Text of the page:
The potential of robotics and automation and the related technologies, namely artificial intelligence and machine learning, supporting the development of these capabilities are significant and it is very encouraging that the government have requested expert opinion about both the impact and opportunities these technologies offer. Acknowledgement must be given to the Robotics and Autonomous Systems (RAS) Special Interest Group, the strategy it published in 2014 and the governments response published in March 2015. The response states actions taken for each of the eight recommendations.
The Science and Technology Committee requested submissions covering the following four areas;
- The implications of robotics and artificial intelligence on the future UK workforce and job market, and the Government’s preparation for the shift in the UK skills base and training that this may require.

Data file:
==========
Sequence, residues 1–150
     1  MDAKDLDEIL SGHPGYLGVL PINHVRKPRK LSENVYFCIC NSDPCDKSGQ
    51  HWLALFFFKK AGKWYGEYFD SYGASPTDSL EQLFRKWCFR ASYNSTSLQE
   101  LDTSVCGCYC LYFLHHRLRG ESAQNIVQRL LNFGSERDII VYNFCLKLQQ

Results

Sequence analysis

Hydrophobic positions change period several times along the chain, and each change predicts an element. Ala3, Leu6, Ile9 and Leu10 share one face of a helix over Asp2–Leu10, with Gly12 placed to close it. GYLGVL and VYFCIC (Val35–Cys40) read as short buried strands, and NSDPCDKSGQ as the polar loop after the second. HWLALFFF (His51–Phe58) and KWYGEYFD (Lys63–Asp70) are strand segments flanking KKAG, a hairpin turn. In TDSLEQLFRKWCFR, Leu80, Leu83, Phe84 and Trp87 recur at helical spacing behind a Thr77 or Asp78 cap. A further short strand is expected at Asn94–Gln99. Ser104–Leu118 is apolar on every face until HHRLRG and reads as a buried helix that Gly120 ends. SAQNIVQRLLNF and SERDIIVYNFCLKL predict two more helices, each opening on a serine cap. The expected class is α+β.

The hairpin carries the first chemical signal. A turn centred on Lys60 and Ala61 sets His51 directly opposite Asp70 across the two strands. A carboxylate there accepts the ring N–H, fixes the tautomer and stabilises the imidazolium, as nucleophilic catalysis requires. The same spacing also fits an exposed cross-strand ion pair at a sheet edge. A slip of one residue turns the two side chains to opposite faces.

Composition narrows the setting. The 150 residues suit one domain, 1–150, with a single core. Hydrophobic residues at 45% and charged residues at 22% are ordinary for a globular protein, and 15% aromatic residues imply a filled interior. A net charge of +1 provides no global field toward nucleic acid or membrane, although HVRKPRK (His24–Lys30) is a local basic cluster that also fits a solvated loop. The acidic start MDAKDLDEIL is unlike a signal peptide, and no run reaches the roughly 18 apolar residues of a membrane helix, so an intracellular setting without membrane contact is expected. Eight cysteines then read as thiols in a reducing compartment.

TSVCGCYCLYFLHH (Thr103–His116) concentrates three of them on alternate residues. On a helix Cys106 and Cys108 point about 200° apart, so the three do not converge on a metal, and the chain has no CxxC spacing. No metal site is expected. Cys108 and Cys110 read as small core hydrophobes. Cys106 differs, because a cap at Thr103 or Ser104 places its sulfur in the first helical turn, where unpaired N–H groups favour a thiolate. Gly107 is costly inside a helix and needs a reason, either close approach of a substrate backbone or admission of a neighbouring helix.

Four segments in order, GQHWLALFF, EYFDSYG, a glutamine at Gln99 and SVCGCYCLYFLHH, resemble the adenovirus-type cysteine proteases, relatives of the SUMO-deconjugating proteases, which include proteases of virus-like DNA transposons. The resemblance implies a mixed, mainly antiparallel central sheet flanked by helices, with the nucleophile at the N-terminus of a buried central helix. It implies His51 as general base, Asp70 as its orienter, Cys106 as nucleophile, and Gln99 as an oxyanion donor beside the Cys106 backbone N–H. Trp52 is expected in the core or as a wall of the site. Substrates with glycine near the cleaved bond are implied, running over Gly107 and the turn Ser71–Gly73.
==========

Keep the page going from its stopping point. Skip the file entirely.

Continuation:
- The extent to which social and economic opportunities provided by emerging autonomous systems and artificial intelligence technologies are being exploited to deliver benefits to the UK.
- The extent to which the funding, research and innovation landscape facilitates the UK maintaining a position at the forefront of these technologies, and what measures the Government should take to assist further in these areas.
- The social, legal and ethical issues raised by developments in robotics and artificial intelligence technologies, and how they should be addressed.
1. The implications for the future UK workforce and job market